The Big Interview: Katherine Kelly

Her big break came in soaps, but having scored hits on the stage and in period drama, Barnsley’s Katherine Kelly is a genuine rising star. Phil Penfold met her.

Katherine Kelly
Katherine Kelly

Very cool, very poised, very classy. In an elegant lime green shift dress and the highest of snakeskin-style high heels, Katherine Kelly is every inch a star, but she is also frank, honest, and refreshingly down to earth.

The actress may be RADA trained, but she was Barnsley-born, went to Wakefield Girls High School, and there is the slight trace of an accent still there. There’s a giggle as soon as she sits down, as she says, “Oooh, I do like doing interviews. I talk a lot about myself, and I get to drink a lot of tea.”

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Kelly is undoubtedly one of the new generation of rising stars, specialising in characters who have complex lives, and who are not afraid to stand up for themselves.

Katherine Kelly

Recently she’s been seen as Maloney, an ambitious newspaper editor-in-chief in The Field of Blood, then there’s the aristocratic Lady Mae Loxley in the ITV hit Mr Selfridge, and not forgetting the four years she spent as the rather less refined Becky Granger in Coronation Street. Continuing the theme, when we speak Kelly has recently completed a new TV drama series, due to be aired next month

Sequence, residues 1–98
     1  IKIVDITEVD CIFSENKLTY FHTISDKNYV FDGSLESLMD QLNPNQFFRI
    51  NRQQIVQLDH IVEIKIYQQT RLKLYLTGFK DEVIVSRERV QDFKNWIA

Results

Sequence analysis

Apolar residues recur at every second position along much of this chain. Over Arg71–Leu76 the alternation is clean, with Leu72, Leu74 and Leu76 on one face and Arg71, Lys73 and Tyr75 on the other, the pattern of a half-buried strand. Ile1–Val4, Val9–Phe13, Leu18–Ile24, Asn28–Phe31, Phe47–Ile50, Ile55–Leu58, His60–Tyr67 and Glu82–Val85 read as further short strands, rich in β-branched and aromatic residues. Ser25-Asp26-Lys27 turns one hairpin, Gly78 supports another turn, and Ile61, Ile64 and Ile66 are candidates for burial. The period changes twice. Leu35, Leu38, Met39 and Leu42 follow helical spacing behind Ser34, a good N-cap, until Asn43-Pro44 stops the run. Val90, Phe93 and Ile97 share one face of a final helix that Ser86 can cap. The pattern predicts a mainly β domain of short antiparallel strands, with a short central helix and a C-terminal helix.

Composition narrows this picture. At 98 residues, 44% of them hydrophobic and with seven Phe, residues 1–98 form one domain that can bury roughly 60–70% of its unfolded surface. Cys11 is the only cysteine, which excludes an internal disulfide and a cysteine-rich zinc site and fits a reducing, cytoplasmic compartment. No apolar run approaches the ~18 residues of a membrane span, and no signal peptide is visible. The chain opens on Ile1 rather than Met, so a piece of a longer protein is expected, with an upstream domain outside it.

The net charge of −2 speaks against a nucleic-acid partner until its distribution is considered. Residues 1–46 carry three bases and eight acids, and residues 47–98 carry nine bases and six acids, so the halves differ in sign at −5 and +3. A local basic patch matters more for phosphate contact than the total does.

In The Guilty, she plays a young mother whose young son has gone missing. The story shifts between 2008, when young Callum Reid disappears after a neighbourhood barbecue and the present day. It’s penned by Debbie O’Malley, who based it on a real-life case, and the other female lead is Tamsin Grieg, who plays a police officer obsessed with uncovering the truth.

“It is rather grim, very gritty subject matter, but I’m one of those performers who don’t take their work home with them,” says the 33-year-old. “In fact, as soon as a director shouts ‘Cut’, that’s it, I’m back to being me again, and not my character. Some may want to inhabit the person they are playing all the time – not me. I’d rather have a decent cuppa. You are a bit like a tennis player – you either walk off in defeat and think a lot about the last match, muttering as you go, or you just say ‘Lost that one. Move on’. I’m the latter.”

Then there’s another big grin. “Blimey, where did that come from? The fact that I’m reading Andre Agassi’s autobiography at the moment, I think…”

Confident she may be, but she also admits that it definitely helped on The Guilty to have four other ladies from Barnsley working in the make-up and hairdressing trailers.